Thursday, January 17, 2019

Unpacking Anti-Stacking

Stacking occurs when an enhanced sentence for a second or subsequent conviction is imposed consecutive to a first-conviction sentence within the same case. Anti-stacking, under the December 21, 2018 First Step Act, means that the enhanced second-or-subsequent sentence applies only to sequential convictions. Crime, conviction, sentence; new crime, conviction, sentence.

Let’s unpack this.

The statute: Section 924(c)(1)(A) requires a sentence of not less than 5, 7 , or 10 years upon conviction. Subsection (c)(1)(C) required a sentence of 25 years (or sometimes life) for a “second or subsequent conviction.” With the amendment, subsection (C) applies only "after a prior conviction under this subsection has become final.” And subsection (D), then and now, requires any §924(c) sentence to run consecutively “with any other term of imprisonment imposed on the person.”

Let’s say your client was charged with three convenience store robberies (Hobb’s Act, 18 USC § 1951). And for each robbery, they were also charged with a related count of brandishing a weapon, per § 924(c).

Count 1: Robbery on August 1, 2018.
Count 2: Brandishing a firearm (9 mm) during the robbery charged in Count 1.
Count 3: Robbery on August 4, 2018.
Count 4: Brandishing a firearm (same 9mm) during the robbery charged in Count 3.
Count 5: Robbery on August 6, 2018.
Count 6: Brandishing a weapon (same 9mm) during the robbery charged in Count 5.

Before the Act, the law required that the sentences for Counts 2, 4, and 6 run consecutively to the robberies and to each other (the robberies can be concurrent to each other). And the law dictated that counts 4 and 6 were “second or subsequent convictions”, consecutive to the first conviction, Count 2. That was stacking. 

Let’s assume the sentences for the robberies were 5 years each, to run concurrently with each of the other robberies. Pre-Act, the sentences would look like this:

5 + 7 + 25 + 25  = 62 years


5 years (for robbery counts 1,3, and 5, concurrent) consecutive to 7 years (first § 924(c), Count 2) consecutive to 25 years (second § 924(c), Count 4) consecutive to 25 years (subsequent § 924(c), Count 6) = 62 years.

Stacking was absurd. But it happened, even with no criminal history, and it was mandatory, even if the sentencing court believed it to be “unjust, cruel, and even irrational.” Prosecutorial discretion, unhinged, and endorsed by the Tenth Circuit and U.S. Supreme Court. Prosecutors used stacking as a crushingly heavy hammer in plea negotiations.

Post-Act, subsection (C) applies only after a prior conviction becomes final, that is, in a separate preceding case, not within the same case. But the mandatory consecutive language of subsection (D) is unchanged. So the sentences would look like this:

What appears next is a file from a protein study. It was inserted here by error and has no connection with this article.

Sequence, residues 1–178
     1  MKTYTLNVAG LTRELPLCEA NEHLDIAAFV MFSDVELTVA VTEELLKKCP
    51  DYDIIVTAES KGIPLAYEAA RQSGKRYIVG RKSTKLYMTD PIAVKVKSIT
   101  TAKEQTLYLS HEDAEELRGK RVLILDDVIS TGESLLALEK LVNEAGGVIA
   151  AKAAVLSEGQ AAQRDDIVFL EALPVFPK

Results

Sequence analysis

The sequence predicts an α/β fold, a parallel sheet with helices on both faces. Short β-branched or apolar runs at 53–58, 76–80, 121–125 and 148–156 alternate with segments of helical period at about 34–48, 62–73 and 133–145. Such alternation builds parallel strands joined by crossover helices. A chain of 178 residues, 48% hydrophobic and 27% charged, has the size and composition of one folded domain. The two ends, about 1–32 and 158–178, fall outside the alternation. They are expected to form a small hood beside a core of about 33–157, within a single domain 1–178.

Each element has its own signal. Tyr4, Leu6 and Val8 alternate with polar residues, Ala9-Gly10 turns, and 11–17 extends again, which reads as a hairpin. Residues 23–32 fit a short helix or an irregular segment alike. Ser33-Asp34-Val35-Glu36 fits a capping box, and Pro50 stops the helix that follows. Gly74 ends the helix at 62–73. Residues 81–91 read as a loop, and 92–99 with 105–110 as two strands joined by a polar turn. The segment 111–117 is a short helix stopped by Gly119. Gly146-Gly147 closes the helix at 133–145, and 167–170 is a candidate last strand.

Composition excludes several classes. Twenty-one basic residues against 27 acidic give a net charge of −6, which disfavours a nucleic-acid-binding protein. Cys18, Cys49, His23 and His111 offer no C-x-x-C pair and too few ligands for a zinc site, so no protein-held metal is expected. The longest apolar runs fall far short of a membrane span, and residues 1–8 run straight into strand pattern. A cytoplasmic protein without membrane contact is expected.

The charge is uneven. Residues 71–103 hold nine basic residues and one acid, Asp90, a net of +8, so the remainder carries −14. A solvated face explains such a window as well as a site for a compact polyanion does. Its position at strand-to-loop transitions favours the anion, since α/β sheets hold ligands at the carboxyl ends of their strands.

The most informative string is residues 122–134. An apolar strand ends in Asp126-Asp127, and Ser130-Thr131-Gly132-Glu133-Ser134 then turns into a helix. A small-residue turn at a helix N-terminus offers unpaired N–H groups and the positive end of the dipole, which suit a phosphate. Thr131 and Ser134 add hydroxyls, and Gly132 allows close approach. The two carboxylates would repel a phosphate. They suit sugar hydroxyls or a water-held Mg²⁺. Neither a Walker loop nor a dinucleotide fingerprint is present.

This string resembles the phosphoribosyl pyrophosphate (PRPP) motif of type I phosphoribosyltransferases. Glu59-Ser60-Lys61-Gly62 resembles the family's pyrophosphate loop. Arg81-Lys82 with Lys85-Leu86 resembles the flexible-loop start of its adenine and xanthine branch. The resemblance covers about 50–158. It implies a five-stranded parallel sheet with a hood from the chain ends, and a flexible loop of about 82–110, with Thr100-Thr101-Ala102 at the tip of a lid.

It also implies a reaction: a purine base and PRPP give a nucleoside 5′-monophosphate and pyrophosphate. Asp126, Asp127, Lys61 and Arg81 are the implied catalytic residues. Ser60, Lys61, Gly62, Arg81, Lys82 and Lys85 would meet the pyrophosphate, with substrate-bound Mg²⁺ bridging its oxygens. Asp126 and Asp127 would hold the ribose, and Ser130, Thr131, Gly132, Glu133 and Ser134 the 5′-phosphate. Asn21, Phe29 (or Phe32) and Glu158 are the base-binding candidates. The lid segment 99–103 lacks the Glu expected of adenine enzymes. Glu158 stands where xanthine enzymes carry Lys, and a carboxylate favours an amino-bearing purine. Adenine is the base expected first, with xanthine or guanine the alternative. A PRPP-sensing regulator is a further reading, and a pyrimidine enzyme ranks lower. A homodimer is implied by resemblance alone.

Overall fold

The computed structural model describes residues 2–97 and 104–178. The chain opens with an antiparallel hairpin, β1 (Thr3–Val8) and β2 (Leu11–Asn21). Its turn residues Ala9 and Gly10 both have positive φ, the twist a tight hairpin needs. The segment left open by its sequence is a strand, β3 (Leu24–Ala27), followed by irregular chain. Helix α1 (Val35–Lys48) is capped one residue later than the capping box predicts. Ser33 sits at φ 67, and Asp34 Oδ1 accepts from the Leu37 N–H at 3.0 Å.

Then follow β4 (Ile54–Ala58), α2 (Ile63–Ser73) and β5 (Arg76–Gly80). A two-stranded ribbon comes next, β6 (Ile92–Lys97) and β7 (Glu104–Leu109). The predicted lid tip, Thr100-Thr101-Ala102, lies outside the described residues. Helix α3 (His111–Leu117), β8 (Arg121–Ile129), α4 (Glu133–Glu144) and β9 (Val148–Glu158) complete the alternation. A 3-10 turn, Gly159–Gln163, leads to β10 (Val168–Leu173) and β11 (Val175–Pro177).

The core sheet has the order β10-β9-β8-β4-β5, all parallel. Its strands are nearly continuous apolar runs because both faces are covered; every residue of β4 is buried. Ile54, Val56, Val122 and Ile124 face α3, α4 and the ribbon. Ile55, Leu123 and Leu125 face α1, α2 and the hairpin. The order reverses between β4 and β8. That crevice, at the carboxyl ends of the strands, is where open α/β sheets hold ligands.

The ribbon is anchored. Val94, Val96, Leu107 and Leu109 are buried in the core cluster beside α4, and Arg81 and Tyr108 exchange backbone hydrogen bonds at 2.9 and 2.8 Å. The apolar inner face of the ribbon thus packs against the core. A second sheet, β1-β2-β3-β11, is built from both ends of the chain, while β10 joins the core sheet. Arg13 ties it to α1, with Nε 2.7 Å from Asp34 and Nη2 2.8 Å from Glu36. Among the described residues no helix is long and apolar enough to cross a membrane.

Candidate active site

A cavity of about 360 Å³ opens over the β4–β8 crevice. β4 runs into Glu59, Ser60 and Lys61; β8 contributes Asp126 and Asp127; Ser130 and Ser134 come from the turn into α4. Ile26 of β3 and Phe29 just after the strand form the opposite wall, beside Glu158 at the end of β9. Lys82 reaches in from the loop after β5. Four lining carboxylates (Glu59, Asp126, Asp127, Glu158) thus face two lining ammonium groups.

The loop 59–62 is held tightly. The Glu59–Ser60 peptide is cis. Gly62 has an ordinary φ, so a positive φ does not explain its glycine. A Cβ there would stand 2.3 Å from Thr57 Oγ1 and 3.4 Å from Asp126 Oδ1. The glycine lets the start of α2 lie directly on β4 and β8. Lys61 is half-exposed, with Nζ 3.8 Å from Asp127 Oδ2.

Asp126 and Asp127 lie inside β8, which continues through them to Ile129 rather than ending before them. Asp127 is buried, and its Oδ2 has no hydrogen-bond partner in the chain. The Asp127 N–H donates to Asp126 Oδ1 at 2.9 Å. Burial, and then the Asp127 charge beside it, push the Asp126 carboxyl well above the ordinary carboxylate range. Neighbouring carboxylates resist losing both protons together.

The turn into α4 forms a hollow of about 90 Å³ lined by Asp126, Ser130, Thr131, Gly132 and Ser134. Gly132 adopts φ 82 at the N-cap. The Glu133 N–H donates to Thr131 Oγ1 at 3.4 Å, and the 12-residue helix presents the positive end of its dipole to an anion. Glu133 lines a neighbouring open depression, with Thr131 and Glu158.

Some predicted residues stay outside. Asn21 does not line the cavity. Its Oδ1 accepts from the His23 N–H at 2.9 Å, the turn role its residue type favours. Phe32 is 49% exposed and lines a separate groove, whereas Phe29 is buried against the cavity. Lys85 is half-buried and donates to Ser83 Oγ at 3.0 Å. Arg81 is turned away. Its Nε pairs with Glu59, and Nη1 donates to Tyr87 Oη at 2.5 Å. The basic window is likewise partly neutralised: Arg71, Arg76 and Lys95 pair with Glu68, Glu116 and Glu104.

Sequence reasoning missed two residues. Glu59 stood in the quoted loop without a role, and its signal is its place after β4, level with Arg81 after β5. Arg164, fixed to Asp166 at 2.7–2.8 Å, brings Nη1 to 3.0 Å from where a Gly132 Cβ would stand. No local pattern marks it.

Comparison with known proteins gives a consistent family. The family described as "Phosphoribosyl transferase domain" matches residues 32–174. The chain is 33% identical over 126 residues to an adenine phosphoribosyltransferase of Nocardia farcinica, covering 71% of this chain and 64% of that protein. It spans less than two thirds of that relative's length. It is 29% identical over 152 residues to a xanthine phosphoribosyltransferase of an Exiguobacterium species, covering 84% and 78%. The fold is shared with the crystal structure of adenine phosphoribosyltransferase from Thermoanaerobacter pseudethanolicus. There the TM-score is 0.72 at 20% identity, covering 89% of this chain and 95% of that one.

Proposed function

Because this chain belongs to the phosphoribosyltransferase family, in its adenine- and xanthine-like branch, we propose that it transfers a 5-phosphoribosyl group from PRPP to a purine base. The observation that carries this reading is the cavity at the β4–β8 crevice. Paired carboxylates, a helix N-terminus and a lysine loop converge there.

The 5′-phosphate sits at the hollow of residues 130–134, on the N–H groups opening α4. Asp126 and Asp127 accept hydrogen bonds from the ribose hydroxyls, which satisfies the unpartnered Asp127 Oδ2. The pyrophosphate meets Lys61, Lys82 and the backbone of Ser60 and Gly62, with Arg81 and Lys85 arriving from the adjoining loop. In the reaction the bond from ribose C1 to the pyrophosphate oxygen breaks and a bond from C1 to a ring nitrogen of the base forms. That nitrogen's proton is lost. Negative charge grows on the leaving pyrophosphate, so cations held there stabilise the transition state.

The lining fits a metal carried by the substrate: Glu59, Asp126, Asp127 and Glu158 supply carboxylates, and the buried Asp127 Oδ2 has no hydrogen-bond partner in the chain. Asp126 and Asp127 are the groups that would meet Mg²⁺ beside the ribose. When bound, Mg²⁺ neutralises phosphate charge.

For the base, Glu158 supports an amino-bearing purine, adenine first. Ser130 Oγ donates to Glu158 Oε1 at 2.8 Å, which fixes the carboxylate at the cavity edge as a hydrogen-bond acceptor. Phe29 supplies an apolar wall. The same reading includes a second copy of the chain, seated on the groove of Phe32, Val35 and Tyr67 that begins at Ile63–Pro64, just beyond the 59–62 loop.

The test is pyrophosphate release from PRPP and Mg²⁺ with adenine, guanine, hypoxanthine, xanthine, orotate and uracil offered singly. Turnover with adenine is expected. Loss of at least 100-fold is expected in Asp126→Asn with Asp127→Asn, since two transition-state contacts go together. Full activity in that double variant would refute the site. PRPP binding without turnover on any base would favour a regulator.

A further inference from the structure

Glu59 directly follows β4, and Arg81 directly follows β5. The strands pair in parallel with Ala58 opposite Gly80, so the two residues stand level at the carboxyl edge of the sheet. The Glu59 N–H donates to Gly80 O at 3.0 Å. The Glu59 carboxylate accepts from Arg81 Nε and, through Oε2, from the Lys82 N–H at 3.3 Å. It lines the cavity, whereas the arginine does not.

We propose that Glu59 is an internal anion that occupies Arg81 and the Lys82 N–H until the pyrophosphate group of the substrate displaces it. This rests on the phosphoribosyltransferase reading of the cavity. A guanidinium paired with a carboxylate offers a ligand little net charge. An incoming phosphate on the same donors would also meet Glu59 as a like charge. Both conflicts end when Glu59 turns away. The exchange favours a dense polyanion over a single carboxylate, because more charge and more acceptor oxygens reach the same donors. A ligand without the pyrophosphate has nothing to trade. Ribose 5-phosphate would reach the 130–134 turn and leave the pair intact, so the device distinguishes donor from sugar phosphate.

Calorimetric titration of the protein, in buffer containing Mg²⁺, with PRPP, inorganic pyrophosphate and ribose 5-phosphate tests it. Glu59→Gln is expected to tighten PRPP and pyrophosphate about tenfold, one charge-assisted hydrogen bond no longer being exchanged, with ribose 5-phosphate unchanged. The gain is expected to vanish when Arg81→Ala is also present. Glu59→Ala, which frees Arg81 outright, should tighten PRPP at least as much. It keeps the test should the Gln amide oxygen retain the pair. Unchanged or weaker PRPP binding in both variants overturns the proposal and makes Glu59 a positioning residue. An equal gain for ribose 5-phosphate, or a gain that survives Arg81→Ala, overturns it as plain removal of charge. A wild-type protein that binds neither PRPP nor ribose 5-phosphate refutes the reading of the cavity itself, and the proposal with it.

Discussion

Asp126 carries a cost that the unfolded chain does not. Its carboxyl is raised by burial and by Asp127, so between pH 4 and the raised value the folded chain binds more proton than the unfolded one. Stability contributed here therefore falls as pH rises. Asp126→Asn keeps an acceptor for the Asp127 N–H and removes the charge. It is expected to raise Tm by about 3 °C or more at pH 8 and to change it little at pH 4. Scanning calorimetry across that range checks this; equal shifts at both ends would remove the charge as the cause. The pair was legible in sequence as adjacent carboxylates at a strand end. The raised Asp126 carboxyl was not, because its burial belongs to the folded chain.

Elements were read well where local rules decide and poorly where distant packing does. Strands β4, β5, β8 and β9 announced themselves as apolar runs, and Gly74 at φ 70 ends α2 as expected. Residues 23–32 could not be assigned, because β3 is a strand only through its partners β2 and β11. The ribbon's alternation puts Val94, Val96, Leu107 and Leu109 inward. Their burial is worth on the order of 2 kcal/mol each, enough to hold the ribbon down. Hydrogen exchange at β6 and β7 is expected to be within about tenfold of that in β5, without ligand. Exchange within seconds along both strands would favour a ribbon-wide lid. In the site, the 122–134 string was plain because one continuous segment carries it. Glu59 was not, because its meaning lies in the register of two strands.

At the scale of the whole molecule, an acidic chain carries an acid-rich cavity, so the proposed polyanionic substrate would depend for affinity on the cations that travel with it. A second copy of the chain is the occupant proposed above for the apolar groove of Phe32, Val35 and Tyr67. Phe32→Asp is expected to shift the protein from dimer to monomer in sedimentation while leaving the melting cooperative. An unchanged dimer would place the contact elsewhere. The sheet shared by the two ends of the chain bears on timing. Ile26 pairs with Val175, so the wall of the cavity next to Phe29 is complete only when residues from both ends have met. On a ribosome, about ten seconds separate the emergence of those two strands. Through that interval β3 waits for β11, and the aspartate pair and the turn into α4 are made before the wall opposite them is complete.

5 + 7 + 7 + 7 = 33 years

Still a heavy hammer for the prosecution.  

The change to § 924(c) is not retroactive. It will “apply to any offense that was committed before the date of enactment of this Act, if a sentence for the offense has not been imposed as of such date of enactment.

-- Melody

Thursday, January 10, 2019

The FIRST STEP Act & compassionate release

By Rich Federico, AFPD
We previously highlighted (here, here) some of the important reforms enacted in the First Step Act of 2018, passed in December by the last Congress. Another noteworthy change are the amendments to the compassionate release statute. In making these reforms, Congress provided greater opportunity for defense attorneys and families to help clients and loved ones who may be eligible for compassionate release. As explained below, the new law allows clients to bring their own motions before a federal judge to seek compassionate release, and the new law establishes notice and assistance requirements for the Bureau of Prisons.

In 1984, Congress authorized compassionate release under the criteria found in 18 U.S.C. § 3582(c)(1)(A). In short, the BOP played the ministerial role and had to bring the motion on behalf of the inmate to explain the “extraordinary and compelling reasons” for a sentence reduction. Congress delegated to the Sentencing Commission to define what “extraordinary and compelling reasons” meant, and the Commission obliged by issuing a policy statement found in § 1B1.13. Most common was that BOP would only bring a motion if an inmate was diagnosed with a “terminal illness,” which the Commission defined as “a serious and advanced illness with an end of life trajectory,” though the “probability of death within a specified time period is not required.”  

BOP’s track record in compassionate release cases was poor. A Human Rights Watch report found that BOP filed very few petitions, leaving judges with only rare opportunities to determine whether compassionate release was warranted. The Campaign for Compassionate Release (here) found that the sick and the elderly have the lowest rates of recidivism, but also cost the most to keep incarcerated. Also, from 2014 to 2018, 81 families watched a loved one die in prison while their compassionate release request went unanswered by the BOP. Finally, according to a report by the Marshall Project, between 2013 and 2017, BOP approved only 6% of the 5,400 applications it received for compassionate release. Of those applicants, 266 died in custody; half of the 266 who died were convicted of nonviolent crimes.

With the passage of the First Step Act, Congress made two important changes to the law.

First, BOP is no longer is the sole movant for compassionate release motions. Now a court can review a compassionate release request “upon motion of the defendant.” However, the inmate cannot file in federal court until “after the defendant has fully exhausted all administrative rights to appeal a failure of the Bureau of Prisons to bring a motion on the defendant’s behalf or the lapse of 30 days from the receipt of such a request by the warden of the defendant’s facility, whichever is earlier.” In other words, the inmate must first request BOP to file the motion on his or her behalf, and BOP must either deny or not file a motion with 30 days.